From one artist to another I know how tough it can be to struggle with not getting the results that are in your head, especially when it comes to shading your drawings. It seems to be one of the toughest obstacle artists face when starting to draw. In just a few moments I will reveal to you why my drawings were missing the mark and what one idea helped change that forever.
There is a simple 4 step strategy you can use to shade ALL of your drawings
Have you struggled with your portrait drawings being flat? How about too light or even too dark? Are you stuck because you just don’t know where you need to add or take away value and tone?
I struggled with adding depth and dimension to my drawings for quite some time. I’d show family members my drawings for the instant ego boost since I could count on them giving me the “good job!” or “that looks great honey” but in the end I was still unsatisfied with the outcome. I knew I could do better.
It just wasn’t hitting the mark. To be honest the real issue was I was just flat out scared to ruin what I thought at the time was a decent drawing.
You ever hear the story of the gold miners that stopped right before striking gold?
This is exactly where I was. It wasn’t that I didn’t work hard at my drawings. I practiced just about every day. I drew cartoons, movie covers, video game covers and the occasional Miami Dolphins or Dan Marino portrait for my grandma. (man she loved that guy)
Anyway my proportions were ok but when it came to adding the contrast and shading I was frankly just stopping before striking gold.
What I was essentially doing was laying the ground work of an awesome drawing but my fear of messing it up was holding me back from adding the contrast needed to take it to the next level.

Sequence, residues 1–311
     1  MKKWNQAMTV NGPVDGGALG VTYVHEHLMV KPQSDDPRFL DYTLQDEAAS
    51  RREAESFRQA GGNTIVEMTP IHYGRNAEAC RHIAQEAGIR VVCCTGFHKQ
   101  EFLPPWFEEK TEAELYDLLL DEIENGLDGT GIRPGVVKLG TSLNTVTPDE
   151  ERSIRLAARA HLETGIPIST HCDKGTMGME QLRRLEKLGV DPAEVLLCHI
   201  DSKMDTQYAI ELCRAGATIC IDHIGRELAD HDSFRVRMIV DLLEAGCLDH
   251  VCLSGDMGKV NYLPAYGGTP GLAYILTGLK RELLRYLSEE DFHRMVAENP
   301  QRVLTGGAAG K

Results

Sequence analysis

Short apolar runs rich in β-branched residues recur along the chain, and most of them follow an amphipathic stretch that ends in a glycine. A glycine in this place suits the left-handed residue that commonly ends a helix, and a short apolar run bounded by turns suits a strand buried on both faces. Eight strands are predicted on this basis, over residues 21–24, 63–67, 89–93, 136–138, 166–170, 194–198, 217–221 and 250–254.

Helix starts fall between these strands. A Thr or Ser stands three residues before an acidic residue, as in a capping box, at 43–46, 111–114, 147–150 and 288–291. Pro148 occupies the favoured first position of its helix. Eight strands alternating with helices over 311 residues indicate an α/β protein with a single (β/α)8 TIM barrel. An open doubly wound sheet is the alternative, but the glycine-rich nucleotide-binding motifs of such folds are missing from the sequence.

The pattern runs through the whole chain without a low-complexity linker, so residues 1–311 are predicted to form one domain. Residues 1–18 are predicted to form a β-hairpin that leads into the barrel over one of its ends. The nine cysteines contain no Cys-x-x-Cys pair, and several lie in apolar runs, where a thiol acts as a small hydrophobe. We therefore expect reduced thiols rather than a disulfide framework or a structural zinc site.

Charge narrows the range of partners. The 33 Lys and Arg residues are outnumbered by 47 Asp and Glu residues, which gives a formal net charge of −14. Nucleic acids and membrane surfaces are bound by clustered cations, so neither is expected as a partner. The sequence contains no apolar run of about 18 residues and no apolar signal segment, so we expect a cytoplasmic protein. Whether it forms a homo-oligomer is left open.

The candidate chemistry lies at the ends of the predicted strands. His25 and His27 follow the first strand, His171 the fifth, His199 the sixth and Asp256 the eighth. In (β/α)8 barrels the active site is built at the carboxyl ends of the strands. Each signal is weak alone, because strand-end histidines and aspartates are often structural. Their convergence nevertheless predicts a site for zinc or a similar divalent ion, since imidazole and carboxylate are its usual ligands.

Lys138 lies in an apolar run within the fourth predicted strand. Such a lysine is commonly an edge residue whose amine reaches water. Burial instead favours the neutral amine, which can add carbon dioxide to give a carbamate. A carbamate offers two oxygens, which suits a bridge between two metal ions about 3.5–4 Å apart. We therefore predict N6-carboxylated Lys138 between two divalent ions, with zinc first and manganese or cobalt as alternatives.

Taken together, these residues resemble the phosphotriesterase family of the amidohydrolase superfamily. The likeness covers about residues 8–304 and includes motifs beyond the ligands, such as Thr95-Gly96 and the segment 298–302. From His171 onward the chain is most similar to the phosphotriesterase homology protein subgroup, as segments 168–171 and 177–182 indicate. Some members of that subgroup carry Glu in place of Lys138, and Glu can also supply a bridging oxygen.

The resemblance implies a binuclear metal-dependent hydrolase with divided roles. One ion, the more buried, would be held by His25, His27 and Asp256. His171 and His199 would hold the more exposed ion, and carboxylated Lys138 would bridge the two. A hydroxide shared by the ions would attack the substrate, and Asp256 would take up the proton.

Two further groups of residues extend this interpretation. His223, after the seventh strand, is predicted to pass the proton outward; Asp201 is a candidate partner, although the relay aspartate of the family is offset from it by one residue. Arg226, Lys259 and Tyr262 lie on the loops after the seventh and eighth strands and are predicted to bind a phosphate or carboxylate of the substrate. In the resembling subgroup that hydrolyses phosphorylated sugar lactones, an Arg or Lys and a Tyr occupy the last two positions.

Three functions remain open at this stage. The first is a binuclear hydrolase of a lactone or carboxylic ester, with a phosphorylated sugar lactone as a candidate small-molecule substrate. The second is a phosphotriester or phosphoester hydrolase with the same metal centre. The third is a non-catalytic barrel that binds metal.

It wasn’t till one day when I was drawing I Finally had made the decision that on THIS particular drawing I was going to go all in and if I messed it up then so be it.
What got me over the fear honestly was just being tired of not feeling like I was doing my best…and hey you have to break a few eggs to make an omelet right? mmm breakfast tacos….
So one day I was drawing movie covers from "Remember the Titans" and "Hannibal". These had very good images with lots of contrast and drama, I’m not just schizophrenic.
I started out as I always do and then I got to the point of my usual completion - Not too dark. Not too light. Just around that lovely flat and lifeless area.
I didn’t have a set of pencils back then and frankly was ignorant to the tools of the trade. ( I used to tape 4 normal sheets of paper together to make one big sheet…yeah)
Armed with my #2 school pencil I just pressed harder to get the darker values. At first it was scary but then it was liberating to know that I could add more contrast and the image didn’t look like total crap!
What a Revelation!
I didn’t know how to balance out the tones and value so it wasn’t my best but it was a HUGE turning point in my artwork.